6. Do not buy vitamin C preparations that are tinted yellow or orange The second problem with using a colour test is that many vitamin C serums are tinted and you will not be not be able to detect if it is oxidised by visual checking. Why a company would do this is beyond me, when they know the difficulties of instability of vitamin C formulations oxidising. If you didn’t trust them you would think they are deliberately trying to mislead. Do not buy tinted formulations of vitamin C.

7. Vitamin C derivatives are more stable, less expensive and effective at lower concentrations There are newer derivatives of Vitamin C: Ascorbyl palmitate, Tetrahexyldecyl ascorbate and Magnesium ascorbyl phosphate, and some of these are proving as effective as ascorbic acid in collagen stimulation. Refer Smartskincare an excellent science based skin care site. These derivatives are effective in lower concentrations, are more stable and less expensive and as such may be a better choice. There is a battle among some of the big cosmetic houses as to which is most effective but the newest Tetrahexyldecyl ascorbate if particularly promising, and seems to work in some people who are resistant to Ascorbic Acid.

8. There is nothing special about the base cream or serum that the vitamin C (or any other active product) is delivered in Thinking about it logically, if a product has 10% ascorbic acid in stabilised form, or 2% Tetrahexyldecyl Ascorbate (the active ingredient) then no matter what the cost it will be equally effective, as there is no base serum or cream that has properties that make it effective in anti-aging-and that is the truth.

This is illustrated with my recent comment on Boots no 7 perfect and protect – where a chain store anti-aging cream is matching up to more expensive prestige brands and winning. The reason: it is the active ingredients that has the effect, no matter what advertising trys to seduce you – REMEMBER THIS FACT.

9. You can make your own Vitamin C Serum There is however some ingredients that are now considered state of the art in modern skin care. Among these is a group of base ingredients that help protect the skin and maintain the intercellular network. Refer Cosmetic Cop – Paula Begoun cosmetic ingredients dictionary on natural moisturising factors. These do not have anti—aging benefit but protect the skin and assist in repair. Glycerin is one of these, other very good protectants and natural moisturisers are ceramides and silicones.

Glycerin is the one I am particularly interested in, as this next post I will give you a very simple recipe for a vitamin C serum made from glycerin and ascorbic acid you buy at the chemist store, so you can make your very own 10% ascorbic acid serum. This will cost you a fraction of what you would pay off the shelf and because you make it fresh you know it will not be oxidised and it will work.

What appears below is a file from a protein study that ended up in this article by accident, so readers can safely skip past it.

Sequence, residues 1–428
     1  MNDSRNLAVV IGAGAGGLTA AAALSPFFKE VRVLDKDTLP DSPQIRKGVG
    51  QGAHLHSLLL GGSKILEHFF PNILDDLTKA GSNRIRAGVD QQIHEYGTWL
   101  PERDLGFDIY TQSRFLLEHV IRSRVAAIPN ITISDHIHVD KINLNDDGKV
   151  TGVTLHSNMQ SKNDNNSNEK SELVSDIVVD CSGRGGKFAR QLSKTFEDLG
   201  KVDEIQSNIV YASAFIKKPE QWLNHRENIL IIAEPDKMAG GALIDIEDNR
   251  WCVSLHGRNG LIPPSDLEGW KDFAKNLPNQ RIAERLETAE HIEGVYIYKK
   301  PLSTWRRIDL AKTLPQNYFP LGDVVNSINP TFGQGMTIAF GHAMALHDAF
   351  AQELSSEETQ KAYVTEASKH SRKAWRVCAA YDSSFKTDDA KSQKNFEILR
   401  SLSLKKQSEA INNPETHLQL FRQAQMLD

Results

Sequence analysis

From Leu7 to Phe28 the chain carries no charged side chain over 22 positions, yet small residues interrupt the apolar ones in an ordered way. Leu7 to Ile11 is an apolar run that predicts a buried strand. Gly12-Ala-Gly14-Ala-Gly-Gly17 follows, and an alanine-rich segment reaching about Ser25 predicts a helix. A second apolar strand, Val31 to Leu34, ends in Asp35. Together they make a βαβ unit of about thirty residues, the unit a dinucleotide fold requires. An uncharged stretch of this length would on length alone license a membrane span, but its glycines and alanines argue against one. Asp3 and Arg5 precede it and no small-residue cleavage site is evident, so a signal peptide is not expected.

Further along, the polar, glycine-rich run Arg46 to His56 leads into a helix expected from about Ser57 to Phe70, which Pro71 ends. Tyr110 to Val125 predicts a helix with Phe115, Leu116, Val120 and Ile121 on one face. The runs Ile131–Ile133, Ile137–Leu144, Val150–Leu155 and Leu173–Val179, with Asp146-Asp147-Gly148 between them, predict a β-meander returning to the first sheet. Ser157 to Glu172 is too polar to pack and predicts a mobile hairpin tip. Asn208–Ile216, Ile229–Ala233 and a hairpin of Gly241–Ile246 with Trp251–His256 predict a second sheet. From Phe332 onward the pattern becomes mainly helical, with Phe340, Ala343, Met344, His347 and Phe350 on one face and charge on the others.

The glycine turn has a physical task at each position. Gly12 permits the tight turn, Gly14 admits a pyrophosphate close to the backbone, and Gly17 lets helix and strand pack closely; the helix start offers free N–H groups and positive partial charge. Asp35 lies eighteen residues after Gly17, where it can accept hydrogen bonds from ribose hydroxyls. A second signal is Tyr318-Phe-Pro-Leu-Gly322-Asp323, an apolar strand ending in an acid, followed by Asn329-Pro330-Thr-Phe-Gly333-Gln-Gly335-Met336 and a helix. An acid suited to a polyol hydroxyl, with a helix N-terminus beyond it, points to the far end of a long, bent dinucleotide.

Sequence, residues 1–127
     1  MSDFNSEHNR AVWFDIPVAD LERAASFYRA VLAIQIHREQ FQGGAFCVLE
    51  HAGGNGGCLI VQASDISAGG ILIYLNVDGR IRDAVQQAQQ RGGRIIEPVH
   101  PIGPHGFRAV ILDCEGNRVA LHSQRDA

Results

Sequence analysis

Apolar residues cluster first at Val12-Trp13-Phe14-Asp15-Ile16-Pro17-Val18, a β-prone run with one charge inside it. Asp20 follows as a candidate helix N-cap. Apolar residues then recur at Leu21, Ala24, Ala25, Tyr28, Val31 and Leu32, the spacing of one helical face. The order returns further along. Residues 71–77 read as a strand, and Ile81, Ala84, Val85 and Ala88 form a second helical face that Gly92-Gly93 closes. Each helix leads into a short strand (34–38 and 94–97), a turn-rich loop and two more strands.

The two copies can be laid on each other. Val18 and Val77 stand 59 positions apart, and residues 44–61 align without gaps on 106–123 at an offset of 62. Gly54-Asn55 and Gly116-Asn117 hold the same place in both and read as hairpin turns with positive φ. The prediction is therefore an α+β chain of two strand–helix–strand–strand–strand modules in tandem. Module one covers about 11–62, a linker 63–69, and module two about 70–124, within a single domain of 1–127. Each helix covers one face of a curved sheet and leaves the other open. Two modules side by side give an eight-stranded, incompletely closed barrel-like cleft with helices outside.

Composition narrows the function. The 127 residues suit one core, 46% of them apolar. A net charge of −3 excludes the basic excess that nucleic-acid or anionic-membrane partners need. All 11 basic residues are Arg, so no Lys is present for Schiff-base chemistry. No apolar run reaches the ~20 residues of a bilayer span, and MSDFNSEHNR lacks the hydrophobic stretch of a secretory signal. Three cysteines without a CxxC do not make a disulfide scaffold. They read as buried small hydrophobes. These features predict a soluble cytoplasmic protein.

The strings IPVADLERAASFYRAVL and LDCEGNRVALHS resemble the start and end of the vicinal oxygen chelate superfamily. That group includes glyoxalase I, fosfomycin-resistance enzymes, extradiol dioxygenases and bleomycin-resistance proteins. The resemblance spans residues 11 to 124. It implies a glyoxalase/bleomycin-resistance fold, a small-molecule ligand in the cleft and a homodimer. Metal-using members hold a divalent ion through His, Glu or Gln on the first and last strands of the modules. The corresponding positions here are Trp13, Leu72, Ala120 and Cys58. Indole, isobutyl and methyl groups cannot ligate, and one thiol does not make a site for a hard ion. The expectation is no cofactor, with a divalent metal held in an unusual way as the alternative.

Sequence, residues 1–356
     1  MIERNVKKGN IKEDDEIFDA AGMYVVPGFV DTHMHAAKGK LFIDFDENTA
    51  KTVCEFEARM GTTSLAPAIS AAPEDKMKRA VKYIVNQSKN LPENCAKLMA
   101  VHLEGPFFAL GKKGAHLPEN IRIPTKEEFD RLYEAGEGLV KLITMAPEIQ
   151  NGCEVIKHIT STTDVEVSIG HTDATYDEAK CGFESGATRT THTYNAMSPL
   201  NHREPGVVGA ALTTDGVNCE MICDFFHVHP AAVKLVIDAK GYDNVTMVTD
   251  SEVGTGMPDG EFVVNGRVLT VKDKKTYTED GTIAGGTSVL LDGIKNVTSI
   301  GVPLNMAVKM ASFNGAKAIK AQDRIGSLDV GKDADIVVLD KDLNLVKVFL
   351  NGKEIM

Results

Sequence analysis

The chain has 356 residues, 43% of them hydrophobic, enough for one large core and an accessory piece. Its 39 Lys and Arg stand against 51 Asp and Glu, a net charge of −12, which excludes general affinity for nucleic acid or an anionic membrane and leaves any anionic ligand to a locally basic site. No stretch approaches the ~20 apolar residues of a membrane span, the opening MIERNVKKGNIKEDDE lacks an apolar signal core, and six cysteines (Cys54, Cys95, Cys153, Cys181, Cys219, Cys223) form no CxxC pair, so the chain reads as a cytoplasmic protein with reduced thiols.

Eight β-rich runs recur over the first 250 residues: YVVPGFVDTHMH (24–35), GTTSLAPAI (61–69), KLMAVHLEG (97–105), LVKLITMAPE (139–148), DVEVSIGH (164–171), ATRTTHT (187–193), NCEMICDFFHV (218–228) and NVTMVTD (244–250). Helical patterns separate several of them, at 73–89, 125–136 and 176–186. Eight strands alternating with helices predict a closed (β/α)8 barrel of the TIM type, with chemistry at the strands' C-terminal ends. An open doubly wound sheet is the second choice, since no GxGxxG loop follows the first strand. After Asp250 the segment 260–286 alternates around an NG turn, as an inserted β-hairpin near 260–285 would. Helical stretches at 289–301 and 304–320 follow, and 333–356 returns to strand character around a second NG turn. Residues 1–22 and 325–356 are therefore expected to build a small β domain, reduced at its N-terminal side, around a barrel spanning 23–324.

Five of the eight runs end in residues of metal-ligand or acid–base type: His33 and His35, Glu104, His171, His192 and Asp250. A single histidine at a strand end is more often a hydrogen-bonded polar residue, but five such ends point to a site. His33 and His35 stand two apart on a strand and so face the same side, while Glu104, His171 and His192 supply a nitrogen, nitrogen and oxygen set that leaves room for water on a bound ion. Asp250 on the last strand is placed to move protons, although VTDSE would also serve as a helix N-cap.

Dr. Jo is down in Australia and they call pharmacy ” local chemist store”

Make your own Vitamin C serum

The recipe makes an approximate 10% concentration of vitamin C serum, using simple ingredients you can buy from your local Chemist store. The advantages of doing it yourself – apart from the obvious – ‘it will save you a lot of money’ is that you can make it fresh, store it in your refridgerator and know that it will not have oxidised- so in fact you will get fresh active product onto your skin. It is best only to make up small quantities at a time, to ensure it is always fresh and unoxidised.

Take care- these are active ingredients At this concentration it will have a relatively low ph, and in some people this will be too irritating for the skin. If this is the case, try making a half or even quarter concentration to start with. Use this for a week or two until you know you skin is tolerating this, and then slowly increase to a higher concentration. If after you apply it, you find your skin is tingling excessively, wash off immediately.

The recipe is divided into active ingredient, the one that has been shown to stimulate collagen, reduce fine lines and wrinkles and protect against sun damage and a simple base formula. Any product you buy over the counter with active ingredients consists of this.

Vitamin C serum Active Ingredient : 1-1.2 grams Vitamin C (L-ascorbic acid) (approximately 1/4 teaspoon) (The active ingredient must be L-ascorbic acid, not vitamin C tablets, or calcium Ascorbate) This can also be purchased from Skin Actives.

Base Ingredients. 5 ml glycerine (1 teaspoon) 5ml water (1 teaspoon) You should be able to buy both the L-ascorbic acid and glycerine from your chemist store.

Process. 1. Dissolve 1gram of L-ascorbic acid in 5 ml of water (preferably distilled), in small glass container using a stirrer. Make sure it is fully dissolved before proceeding to next step.

2. Add 5 ml of glycerine and mix.

3. Put in a sealable jar, (not clear glass as this allows light in, and light degrades vitamin C.) Store in cool dry place.

Voila – your own fresh vitamin C serum. Apply to skin once per day to start with (preferably at night), and increase to twice daily if tolerated.

Post note This serum is published to illustrate that it is the active ingredient that has benefits and to get you to challenge the notion that you need to pay a lot of money for active skin care ingredients. You must exercise caution when using this as with any product you put on your skin, if any signs of allergy or reaction develop desist immediately. In my last post I give two good sources of companies that provide products, including base creams and various active ingredients that allow you to make your own active creams at home.

Articles by Dr. Jo